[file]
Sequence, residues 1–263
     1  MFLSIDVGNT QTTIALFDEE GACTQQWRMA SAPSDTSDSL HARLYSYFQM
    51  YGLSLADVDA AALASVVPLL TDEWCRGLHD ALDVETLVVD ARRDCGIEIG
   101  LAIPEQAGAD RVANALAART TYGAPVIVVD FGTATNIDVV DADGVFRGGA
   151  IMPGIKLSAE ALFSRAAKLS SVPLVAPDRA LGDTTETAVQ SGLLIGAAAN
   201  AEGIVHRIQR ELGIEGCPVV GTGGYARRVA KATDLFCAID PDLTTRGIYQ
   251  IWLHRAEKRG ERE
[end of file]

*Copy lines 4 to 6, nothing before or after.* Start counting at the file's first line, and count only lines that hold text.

   101  LAIPEQAGAD RVANALAART TYGAPVIVVD FGTATNIDVV DADGVFRGGA
   151  IMPGIKLSAE ALFSRAAKLS SVPLVAPDRA LGDTTETAVQ SGLLIGAAAN
   201  AEGIVHRIQR ELGIEGCPVV GTGGYARRVA KATDLFCAID PDLTTRGIYQ